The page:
Sculptor Ajax Axe toying with viewers in ‘Playtime’ at Gonzo Gallery
IF YOU GO …
What: Ajax Axe, ‘Playtime’
Where: Gonzo Gallery
When: Opening Saturday Aug. 1, 6-10 p.m.; exhibition on view through Aug. 18
More info: gonzogallery.com
After spending the past year-and-a-half playing with toy soldiers, toy guns, G.I. Joes and Rock ‘Em Sock Em Robots, the artist Ajax Axe is still wondering why kids playthings have to be so violent.
The Aspen-based artist is unveiling a subversive new group of 20 sculptures playing with the idea and challenging the view with new objects made from toy war material.
There’s a Tonka truck-based piece titled “Patriarchy: The Team’s All Here” and assemblages of lead soldiers, punching robots, some “Star Wars,” some G.I. Joe and countless variations of guns for kids.
“The inherent messaging in toys is so powerful because it’s about the values and symbols we are giving to children,” Axe said this week. “I got into this idea of reimagining some of these toys in a way that exposes the underlying meaning or manipulates their meaning to show some other facet of the hidden agenda behind a lot of these toys. “
She worked with toys from the 1960s and ’70s because they are completely tactile and predate video games. Though, she noted, the spirit and values of these toys is unchanged in the often hyper-violent video games of the 21st century.
“Sexuality is still taboo, nudity is still taboo for children and violence is still totally acceptable,” she said. “It’s a fascinating thing and it is sincerely troubling.”
The materials came from antique stores, thrift stores, from niche online communities and vintage toy collectors. Once Axe heard a certain toy had existed — a toy camera with a hidden gun, for instance — she could always track it down online.
It continues the artist’s interest in using narrative and viewer interaction in her work and her always unpredictable way with sculpture and assemblage. Local viewers may remember her previous Gonzo Gallery shows like “The Palace of the Beast” in 2018, for which she created massive creatures that came with magical spells and rituals to perform with the artwork, or “The Cult of Phi” in 2016, which through sculpture told of an enlightened post-apocalyptic society.
Axe, who works in an off-the-grid studio on the backside of Aspen Mountain, has been entrenched in this new toy-based body of work for the past 18 months or so. She had not planned to show in Aspen this summer, but when the COVID-19 interrupted her international plans — work with refugees in Greece this summer, an exhibition on Kenya this December — she found a forum in the new location of the Gonzo Gallery, an itinerant institution that’s frequently showcased Axe’s work. She also opened a show with Skye Gallery — a previous body of work — last month though the Intersect Aspen online art fair.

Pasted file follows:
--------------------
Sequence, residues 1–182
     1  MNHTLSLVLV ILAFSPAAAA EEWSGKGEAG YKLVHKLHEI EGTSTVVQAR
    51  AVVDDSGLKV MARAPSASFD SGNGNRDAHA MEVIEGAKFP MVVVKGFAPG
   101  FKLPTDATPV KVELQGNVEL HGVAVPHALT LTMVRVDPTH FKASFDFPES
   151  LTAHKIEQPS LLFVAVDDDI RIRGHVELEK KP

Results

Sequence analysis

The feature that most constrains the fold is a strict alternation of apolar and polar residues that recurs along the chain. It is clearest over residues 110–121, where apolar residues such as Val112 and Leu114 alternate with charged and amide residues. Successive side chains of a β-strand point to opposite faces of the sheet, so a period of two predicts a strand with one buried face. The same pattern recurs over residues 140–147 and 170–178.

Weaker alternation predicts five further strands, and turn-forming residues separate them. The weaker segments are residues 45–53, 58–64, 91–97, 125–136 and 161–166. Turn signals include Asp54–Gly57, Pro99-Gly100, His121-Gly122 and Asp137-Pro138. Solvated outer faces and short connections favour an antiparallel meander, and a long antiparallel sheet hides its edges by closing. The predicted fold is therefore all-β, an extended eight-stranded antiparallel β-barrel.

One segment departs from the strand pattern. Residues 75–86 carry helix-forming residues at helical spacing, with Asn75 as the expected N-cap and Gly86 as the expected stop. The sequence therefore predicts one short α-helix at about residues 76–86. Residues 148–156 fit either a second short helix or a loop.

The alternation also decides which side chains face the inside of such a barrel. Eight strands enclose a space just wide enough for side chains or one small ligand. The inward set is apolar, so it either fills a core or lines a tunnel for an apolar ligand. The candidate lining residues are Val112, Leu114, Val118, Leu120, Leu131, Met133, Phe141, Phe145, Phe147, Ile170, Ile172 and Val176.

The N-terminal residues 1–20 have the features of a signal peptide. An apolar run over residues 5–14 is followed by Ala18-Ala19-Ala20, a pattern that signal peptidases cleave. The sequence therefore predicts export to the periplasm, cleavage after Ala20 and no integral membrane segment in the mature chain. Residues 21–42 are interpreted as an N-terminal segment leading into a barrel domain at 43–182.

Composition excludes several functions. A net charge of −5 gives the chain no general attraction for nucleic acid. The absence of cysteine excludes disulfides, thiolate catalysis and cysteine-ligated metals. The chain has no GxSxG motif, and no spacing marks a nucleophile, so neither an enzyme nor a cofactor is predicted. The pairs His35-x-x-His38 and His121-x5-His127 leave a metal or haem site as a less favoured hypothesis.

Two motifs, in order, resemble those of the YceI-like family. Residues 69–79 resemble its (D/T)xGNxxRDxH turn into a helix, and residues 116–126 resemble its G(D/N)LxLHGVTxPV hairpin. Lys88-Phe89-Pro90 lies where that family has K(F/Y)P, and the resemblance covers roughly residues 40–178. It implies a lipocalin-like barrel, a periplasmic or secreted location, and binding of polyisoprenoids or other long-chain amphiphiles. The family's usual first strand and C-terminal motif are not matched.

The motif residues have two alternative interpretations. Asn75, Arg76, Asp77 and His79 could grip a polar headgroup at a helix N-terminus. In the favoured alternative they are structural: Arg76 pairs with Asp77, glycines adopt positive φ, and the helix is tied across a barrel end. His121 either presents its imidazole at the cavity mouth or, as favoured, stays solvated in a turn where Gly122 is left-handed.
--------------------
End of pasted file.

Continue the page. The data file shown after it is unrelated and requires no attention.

The new Gonzo space, at the corner of Hyman Avenue and Hunter Street, is primed for showing sculpture in the age of social distancing — its story-high windows and jewel-box design allowing a view of the work inside.
The show will open Saturday evening, with a socially distanced evening reception themed to fit the spirit of the show. On the street in front of the gallery on Hyman — blocked off with hay bales — Axe will host a “pandemic pool party,” where visitors can sit on pool toys while masked and distanced.
“The pool floatie is the ultimate symbol of excessive late-stage capitalism — it’s made in China, it’s cheap, you throw it in the pool and it pops and you just throw all this plastic away and get another,” she noted.
Axe also has buried one of her sculptures in an undisclosed location. Visitors to the gallery can get a clue as to where to find it. And, Axe said, if the pandemic leads to another shutdown of public life in Aspen, she will post clues on the internet — opening up the search to whomever is interested in looking. As she put it: “If we have another lockdown, well, who doesn’t like a good treasure hunt?”
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